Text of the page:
But it is less than an hour or two of interaction with Jesus for which he is best known.  He came face to face with the human incarnation of God – but somehow managed the situation as just another task in a long list of tasks requiring his daily decisions.  He met Jesus for the first time early on Friday morning and by 9:00 a.m. Jesus was already being crucified (Mark 15).  Pilate likely went about his normal daily business for the rest of the day but was aware enough of the crucifixion timing to be surprised that Jesus was already dead when Joseph of Arimathea requested his body later that afternoon (Mark 15).  Pilate’s agreement to allow Joseph to take Christ’s body is the last Biblical record we have of Pilate.

All four gospel writers record Pilate’s role that day.  The Believer’s Prayer (Acts 4) also references Pilate’s actions.  Paul does the same in his sermon at Pisidian Antioch (Acts 13).  More contemporarily, Pilate’s deeds were incorporated as early as the eighth century into the version of the Apostle’s Creed that we know today.

Pilate was a man who believed that he had the power and authority to make decisions on his own accord (John 19).  I fear that he is very much like us in that regard.  We go about our lives pleading with God about the jobs we need, the healing we desire or the relationships we want created, ended or mended.  But we do so without the humility of Jesus’ addendum to his own pleadings “Yet, not as I will, but as You will” (Matthew 26).  We proceed without recalling the answer Paul received to his own supplications “My grace is sufficient for you” (II Corinthians 12).  Don’t get me wrong – God wishes to hear our prayers, but His answer will be within the context of God’s plan based on infinite love for us. 

Pilate’s interaction with the Savior of the world was limited in his view to the confines of his duties as Prefect of Judea.  He never allowed it to get any bigger than that.  He never permitted Jesus to become personal for him.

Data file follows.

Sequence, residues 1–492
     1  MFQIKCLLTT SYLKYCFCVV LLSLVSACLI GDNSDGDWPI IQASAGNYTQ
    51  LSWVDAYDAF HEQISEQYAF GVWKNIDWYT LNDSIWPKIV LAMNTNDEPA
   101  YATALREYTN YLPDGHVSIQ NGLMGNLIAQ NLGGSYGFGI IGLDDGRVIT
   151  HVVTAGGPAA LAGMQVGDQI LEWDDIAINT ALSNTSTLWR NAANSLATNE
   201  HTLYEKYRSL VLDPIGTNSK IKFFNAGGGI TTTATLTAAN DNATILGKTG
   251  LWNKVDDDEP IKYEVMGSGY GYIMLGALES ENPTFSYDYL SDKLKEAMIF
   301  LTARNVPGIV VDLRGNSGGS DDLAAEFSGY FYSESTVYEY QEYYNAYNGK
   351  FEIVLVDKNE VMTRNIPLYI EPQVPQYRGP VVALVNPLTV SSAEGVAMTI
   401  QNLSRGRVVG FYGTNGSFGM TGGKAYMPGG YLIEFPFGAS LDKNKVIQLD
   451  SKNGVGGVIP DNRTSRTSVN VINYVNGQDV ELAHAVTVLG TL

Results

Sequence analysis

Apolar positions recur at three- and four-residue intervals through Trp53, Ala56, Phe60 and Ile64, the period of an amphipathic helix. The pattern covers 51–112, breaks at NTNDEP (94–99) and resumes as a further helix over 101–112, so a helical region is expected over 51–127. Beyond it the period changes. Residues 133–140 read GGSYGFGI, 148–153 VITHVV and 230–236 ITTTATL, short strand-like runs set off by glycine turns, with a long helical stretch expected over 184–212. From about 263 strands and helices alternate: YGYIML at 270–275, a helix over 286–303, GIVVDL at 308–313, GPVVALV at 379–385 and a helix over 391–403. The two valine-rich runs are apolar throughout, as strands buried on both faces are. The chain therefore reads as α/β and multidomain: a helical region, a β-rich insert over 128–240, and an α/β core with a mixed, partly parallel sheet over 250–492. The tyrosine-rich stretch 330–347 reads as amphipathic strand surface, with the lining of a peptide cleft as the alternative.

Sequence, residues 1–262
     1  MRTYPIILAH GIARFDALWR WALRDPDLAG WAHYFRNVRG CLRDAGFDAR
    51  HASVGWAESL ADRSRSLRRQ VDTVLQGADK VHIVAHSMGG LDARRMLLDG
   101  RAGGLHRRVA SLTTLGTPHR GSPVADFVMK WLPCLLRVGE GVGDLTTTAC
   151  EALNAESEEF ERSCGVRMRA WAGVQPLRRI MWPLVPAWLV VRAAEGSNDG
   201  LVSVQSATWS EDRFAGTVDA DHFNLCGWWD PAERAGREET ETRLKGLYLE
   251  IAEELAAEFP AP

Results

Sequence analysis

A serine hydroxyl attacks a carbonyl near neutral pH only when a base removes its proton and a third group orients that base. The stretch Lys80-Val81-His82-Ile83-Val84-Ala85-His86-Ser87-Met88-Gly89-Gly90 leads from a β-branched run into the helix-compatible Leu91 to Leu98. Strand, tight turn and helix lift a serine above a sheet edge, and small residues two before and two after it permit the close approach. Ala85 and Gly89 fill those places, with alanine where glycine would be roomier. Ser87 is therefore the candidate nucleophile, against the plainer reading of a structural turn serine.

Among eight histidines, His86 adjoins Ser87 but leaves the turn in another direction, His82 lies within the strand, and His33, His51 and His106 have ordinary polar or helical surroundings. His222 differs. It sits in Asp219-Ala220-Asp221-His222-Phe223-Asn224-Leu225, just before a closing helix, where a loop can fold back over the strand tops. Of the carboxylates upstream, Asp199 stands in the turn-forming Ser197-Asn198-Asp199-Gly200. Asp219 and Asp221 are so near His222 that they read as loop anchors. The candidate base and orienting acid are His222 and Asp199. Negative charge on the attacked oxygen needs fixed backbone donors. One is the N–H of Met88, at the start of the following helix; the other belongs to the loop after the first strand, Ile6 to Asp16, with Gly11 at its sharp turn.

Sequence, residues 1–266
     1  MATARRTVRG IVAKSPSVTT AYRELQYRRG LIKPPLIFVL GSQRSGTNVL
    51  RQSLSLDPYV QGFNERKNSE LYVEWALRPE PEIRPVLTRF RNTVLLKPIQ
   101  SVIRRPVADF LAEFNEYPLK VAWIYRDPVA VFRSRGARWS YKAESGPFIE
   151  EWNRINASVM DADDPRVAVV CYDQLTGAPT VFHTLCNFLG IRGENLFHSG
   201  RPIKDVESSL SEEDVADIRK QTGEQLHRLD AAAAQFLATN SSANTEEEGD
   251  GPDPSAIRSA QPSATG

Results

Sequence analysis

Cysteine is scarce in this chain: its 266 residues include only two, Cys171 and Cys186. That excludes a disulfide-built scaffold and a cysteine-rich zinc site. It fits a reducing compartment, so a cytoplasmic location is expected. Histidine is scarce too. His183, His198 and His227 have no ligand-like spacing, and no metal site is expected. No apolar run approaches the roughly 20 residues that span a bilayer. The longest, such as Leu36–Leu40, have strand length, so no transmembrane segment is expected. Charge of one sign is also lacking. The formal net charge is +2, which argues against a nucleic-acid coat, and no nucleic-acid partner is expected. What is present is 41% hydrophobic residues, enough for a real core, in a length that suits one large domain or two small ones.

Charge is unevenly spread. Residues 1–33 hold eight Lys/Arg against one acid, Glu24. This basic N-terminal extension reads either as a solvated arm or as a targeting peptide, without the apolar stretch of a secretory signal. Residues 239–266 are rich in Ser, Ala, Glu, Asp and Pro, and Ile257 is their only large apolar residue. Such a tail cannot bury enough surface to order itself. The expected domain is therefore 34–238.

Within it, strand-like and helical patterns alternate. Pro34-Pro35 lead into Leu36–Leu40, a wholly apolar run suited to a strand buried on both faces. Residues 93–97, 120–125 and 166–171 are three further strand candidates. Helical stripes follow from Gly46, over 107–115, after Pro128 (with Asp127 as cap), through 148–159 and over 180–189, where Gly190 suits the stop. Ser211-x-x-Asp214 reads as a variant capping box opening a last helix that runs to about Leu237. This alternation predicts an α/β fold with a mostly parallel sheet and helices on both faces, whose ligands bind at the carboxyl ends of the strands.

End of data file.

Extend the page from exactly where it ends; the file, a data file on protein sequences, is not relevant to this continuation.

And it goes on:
The final historical verdict for Pilate is somewhat mixed.  Some believe that he was convicted of crimes by Caligula (Tiberius’ successor) – perhaps even exiled or executed.  While others believe he may have taken his own life in remorse, or simply moved on to his next assignment, or just retired.  Some even treat him as a saint (e.g., Ethiopian Orthodox) and believe he and his wife eventually become Christians.

As we consider how we might be remembered, we should strive to leave no such ambiguity.  Our interactions with God should not be treated as distractions from the life we ARE leading.  They should be a continual reminder to repent of the life we WERE leading.  We should not try to place our exposure to the miraculous within the tidy box of our plans for the day.  It is an opportunity to unpack the box, examine each of the contents, and consider what should be kept and what should be thrown away. 

We should not make the same mistake that Pilate did in assuming that our interactions with Jesus fit within the confines of our world; rather we need to constantly remind ourselves that Jesus’ interaction with us has no such boundaries.